Choose from County Antrim dry aged ribeye, whiskey sauce, air dried tomato and chunky chips or Belfast Hills kid goat shoulder, colcannon gnocchi, ratatouille dressing and Belfast blonde jus.

The desserts are no afterthought here with Uachter na Mara (Cream of the Sea), rhubarb soup, gingernut biscuit and hazelnut praline or a tasty bag of Abernethy all butter artisan fudge for those with a sweet tooth.

Where to eat in Belfast for seafood chowder

The Mourne Seafood Bar is a household name in Northern Ireland. They source all their shellfish from their very own shellfish beds in Carlingford Lough.

Their seafood chowder with wheaten bread is a delicious and comforting favourite and the oysters and pan-fried crab claws are also popular dishes.

If you want unfussy, affordable seafood, this Belfast institution is the place to come.

Where to eat in Belfast for students

‘All you can eat’ buffets have won the hearts and stomachs of students across the UK and COSMO Belfast is no exception. COSMO Belfast offers so much more than the usual Chinese or carvery, because you don’t have to choose a single type of food when there is so much choice available from our all you can eat buffet.

Here you can eat sushi, curry or pizza – all at an affordable price – in sleek and stylish surroundings. In fact, COSMO Belfast was voted second place for Best World Buffet in the Food Awards Northern Ireland 2018.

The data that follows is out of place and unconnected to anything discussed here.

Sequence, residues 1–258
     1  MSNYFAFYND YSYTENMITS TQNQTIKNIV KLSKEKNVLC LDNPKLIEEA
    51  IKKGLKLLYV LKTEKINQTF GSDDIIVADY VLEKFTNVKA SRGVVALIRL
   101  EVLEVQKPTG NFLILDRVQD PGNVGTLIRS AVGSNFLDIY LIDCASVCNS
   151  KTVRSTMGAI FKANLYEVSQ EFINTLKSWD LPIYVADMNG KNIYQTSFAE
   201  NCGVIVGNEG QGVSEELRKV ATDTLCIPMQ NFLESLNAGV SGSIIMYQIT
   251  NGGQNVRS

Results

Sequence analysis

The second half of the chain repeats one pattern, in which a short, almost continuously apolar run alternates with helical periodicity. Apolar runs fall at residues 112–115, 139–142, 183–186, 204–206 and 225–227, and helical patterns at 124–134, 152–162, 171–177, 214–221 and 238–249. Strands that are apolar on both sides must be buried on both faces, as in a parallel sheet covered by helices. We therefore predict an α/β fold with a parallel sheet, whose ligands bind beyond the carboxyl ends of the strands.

COSMO Belfast is the perfect place to go to eat a hearty lunch in between lectures or for dinner before a night out. After a sports match, bring the whole team here to celebrate a win, or bring your rowing team here to carb-load before a race.

Where to eat in Belfast for a charcoal grill

The Mibrasa charcoal grill is a central feature of Deanes at Queen’s. This bustling brasserie is part of Queen’s University and offers a relaxed atmosphere and world-class food.

Chef Chris Fearon- of Great British Menu fame – serves up dishes using local produce. You can choose from whole sea  bass cooked over charcoal, grilled coley or butter basted sweet cured pork cutlet, grilled pear and pancetta salad.

The desserts are just as flavoursome with warm brown butter almond cake, poached apple and elderflower custard or wild honey panna cotta, banana bread pudding, toffee and pecan fudge.